In remarks made at a Russian military training facility in Astrakhan region, acting Defense Minister Igor Sergeev has in recent days underscored the need both for Russia’s parliament to ratify the START II treaty and for the United States and Russia then to move forward in negotiating a follow-up START III agreement. Sergeev, a former commander of Russia’s strategic rocket forces, also claimed that a number of Russian parliamentarians now support the START II treaty. He suggested–some would say with excessive optimism–that ratification might not be far off. (Russian agencies, September 2-3)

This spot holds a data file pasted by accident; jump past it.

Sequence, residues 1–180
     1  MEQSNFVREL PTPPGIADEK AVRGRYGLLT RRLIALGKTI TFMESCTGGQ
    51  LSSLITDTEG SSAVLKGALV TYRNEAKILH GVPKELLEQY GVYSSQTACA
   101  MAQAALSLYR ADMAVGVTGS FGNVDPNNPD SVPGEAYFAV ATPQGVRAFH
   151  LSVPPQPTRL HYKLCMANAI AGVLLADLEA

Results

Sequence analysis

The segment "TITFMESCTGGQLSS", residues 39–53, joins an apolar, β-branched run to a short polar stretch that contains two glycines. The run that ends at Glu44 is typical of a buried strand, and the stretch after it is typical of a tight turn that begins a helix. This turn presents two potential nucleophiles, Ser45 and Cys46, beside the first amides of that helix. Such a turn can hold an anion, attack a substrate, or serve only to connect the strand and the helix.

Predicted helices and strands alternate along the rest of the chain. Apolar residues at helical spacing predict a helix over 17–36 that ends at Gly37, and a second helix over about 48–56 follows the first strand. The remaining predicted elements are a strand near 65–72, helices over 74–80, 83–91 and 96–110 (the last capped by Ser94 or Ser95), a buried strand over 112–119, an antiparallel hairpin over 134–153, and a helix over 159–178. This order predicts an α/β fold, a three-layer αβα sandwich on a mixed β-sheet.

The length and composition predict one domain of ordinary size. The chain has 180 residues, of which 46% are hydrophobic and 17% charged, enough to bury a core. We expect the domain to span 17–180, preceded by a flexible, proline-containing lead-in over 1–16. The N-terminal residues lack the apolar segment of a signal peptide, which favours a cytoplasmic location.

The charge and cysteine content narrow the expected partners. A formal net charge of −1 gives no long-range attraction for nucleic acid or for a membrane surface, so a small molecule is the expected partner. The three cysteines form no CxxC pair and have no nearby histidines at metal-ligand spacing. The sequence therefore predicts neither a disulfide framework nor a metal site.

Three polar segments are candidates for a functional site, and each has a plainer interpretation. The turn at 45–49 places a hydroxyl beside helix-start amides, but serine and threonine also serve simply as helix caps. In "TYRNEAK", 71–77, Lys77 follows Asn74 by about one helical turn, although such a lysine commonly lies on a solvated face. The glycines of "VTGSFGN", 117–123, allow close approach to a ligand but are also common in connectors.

Presidents Boris Yeltsin and Bill Clinton had hoped that Russian ratification of START II would come before their recent summit meeting so that they might step up efforts to draft the START III agreement. But ratification of START II remains one of the few areas in which Russian lawmakers can effectively defy the Kremlin. They have thus far chosen to exercise that defiance by refusing to consider the treaty. Lawmakers seem unlikely to soften that position until a political accommodation is hammered out between the parliament and the president. Russia’s Defense Ministry has long argued in favor of START II ratification.
UNRESTRICTED ENLARGEMENT OF NATO URGED.